One survey, published in the Journal of the American Medical Association, found that one in seven men report low libido, and for women, the figure is even higher - half of British women over 50 said they'd experienced a drop in their sex drive over the last five years. So what can be done to revive flagging interest? Here are our top 10 tips to get you going again.
The best way to make something more attractive? Put it just out of reach. Sex therapists often suggest that couples take sex off the agenda in order to resolve any problems they have. "It seems counterintuitive," says Dr Pam Spurr, author of Sensational Sex (Robson, £7.99), "but taking a break takes the pressure off, and encourages non-sexual intimacy, which in turn makes you both feel more easily aroused because you're relaxed."
Just two handfuls a day will pump up a man's sex hormones. Research has shown that men who have a diet high in mono-unsaturated fats - found in walnuts, peanuts and almonds - have higher testosterone levels than those who don't.
Let it flow
To get aroused you need good circulation - that's partly how Viagra works, by relaxing the pelvic area to enhance blood flow. Exercise will help keep your blood pumping and if you lose a bit of weight while you're at it, that will also help: a study at Duke University in North Carolina, USA, showed that slimming down makes both men and women more comfortable and enthusiastic in bed.
And make it cereal, which is a good source of zinc. "A deficiency of zinc can impact on your body's production of testosterone, making you feel unenthusiastic," says Dr Sara Brewer, author of Better Sex (Marshall, £7.99).
Keep it on
Building sexual tension gives you a far bigger release when you finally climax, "So rather than peeling off all your clothes before having sex in the bedroom, try some heavy petting with your clothes on - in the kitchen, the hallway or even the garden shed," says psychosexual therapist Vicki Ford. "It might feel daft at first, when you could just go to the bedroom, but changing the location of where you get aroused can trigger new desires and emotions."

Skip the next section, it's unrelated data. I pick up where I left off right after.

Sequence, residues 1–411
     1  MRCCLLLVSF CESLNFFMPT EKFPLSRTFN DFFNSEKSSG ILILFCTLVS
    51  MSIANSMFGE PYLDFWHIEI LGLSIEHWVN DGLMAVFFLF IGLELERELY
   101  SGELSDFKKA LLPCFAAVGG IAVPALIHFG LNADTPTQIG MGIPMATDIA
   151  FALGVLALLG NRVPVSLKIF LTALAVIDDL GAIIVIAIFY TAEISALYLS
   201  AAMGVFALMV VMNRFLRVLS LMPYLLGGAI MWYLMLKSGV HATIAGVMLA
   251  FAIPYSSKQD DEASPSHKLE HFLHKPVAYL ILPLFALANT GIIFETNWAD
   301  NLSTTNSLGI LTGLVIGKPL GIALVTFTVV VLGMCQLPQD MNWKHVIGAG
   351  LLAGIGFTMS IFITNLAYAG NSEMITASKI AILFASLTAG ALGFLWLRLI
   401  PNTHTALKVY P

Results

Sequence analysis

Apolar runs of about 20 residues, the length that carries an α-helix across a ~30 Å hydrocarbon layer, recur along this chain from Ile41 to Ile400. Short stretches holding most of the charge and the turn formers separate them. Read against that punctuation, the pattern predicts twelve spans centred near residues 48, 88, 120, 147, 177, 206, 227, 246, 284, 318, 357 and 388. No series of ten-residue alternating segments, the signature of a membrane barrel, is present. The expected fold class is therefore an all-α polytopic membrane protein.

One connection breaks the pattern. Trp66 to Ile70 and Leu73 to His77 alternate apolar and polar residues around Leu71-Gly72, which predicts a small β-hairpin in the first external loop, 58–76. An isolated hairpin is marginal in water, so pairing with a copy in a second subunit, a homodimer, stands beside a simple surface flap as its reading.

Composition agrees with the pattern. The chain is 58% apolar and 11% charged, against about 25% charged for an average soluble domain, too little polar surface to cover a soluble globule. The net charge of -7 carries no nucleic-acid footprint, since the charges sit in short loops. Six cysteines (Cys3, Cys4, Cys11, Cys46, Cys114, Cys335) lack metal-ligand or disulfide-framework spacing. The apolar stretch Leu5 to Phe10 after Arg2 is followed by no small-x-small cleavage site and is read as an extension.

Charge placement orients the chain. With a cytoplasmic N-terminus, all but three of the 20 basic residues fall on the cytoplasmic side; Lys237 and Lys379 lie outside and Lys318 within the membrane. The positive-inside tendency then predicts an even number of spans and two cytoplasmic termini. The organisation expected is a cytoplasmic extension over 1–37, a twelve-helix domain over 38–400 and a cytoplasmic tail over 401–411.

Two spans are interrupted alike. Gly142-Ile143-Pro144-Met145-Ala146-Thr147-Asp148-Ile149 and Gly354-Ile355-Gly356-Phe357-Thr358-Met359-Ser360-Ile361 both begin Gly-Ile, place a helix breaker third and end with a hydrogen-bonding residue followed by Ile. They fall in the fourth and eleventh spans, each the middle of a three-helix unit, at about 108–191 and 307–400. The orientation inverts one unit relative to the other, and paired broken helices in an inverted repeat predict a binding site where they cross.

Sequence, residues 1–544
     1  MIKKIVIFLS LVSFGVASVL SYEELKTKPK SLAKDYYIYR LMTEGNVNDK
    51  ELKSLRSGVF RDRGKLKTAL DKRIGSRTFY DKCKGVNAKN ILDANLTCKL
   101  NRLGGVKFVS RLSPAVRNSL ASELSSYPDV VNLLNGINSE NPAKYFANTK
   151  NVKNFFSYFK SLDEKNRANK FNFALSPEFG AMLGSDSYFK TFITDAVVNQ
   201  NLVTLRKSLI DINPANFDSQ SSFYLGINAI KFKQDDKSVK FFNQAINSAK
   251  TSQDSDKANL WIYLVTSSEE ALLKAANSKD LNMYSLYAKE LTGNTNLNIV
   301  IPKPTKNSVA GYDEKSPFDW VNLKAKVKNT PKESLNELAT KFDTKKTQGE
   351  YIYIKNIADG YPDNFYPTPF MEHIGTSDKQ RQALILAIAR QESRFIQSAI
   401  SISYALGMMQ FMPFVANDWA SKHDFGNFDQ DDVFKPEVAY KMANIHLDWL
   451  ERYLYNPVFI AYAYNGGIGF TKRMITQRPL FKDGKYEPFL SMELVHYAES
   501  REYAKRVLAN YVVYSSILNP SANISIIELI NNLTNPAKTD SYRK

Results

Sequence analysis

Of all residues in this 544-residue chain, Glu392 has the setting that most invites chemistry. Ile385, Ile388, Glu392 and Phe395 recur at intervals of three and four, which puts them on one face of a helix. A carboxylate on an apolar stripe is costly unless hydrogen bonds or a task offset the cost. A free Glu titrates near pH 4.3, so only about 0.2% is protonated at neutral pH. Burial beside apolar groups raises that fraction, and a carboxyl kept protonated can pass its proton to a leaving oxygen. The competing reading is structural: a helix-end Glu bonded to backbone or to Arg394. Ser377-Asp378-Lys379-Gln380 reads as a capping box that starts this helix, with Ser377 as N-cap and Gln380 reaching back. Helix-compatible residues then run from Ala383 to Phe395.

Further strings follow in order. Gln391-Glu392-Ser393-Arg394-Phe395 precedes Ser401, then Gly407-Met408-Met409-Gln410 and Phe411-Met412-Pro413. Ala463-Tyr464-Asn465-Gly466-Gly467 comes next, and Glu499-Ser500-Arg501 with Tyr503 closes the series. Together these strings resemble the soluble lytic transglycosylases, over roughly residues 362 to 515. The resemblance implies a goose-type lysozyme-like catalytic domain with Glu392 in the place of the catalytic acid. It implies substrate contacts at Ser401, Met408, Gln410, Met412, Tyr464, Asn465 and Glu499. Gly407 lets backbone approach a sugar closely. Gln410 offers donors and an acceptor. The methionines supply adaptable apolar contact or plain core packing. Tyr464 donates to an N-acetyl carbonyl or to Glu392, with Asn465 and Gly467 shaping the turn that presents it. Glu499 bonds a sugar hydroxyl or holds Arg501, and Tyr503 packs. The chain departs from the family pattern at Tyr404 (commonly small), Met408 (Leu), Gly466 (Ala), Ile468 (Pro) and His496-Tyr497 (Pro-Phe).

Easier said than done, but depression is the cause of 30 per cent of low-libido cases, so do all you can to put a smile on your face. Eat bananas or Brazil nuts to boost your serotonin levels, essential for good mood; watch a comedy - even seeing smiling faces can lift your spirits; and get a dose of sunlight by taking a daily 15-minute walk outside. During the darker months, your body may struggle to produce enough vitamin D, which it usually gets via the sun's rays.
Watch an action film
Sixty men were asked to watch excerpts from The Godfather: Part II or a documentary about the Amazon - those who watched Al Pacino do his scary thing had higher testosterone levels than those who watched the wildlife documentary.
You may be wishing for less stress in your life, but being too relaxed could cause your libido to flag. "Real competition can drive up testosterone, which boosts libido," says Dr Helen Fisher, author of Why We Love (Owl Books, £7.99). "Being amped up by a high-powered, high-stress job is more likely to make you more sexually active than idling in a cushy, low-key career."
Testosterone is necessary for a healthy libido in both men and women, but you don't need to rely on work to provide competition; just watching a game of sport can increase a man's testosterone levels by up to 15-20 per cent and a woman's by 24 per cent, according to a Pennsylvania State University study.
Eating chocolate could help encourage arousal - the dark stuff contains methylxanthines, which are stimulants that increase your skin's sensitivity to touch. Cup of cocoa before bedtime, anyone?
Playing with yourself makes you more likely to want to play with your partner. "It's a surprising correlation," says Fisher. "But it's probably because sexual arousal elevates testosterone and dopamine, and that can lead to more sex."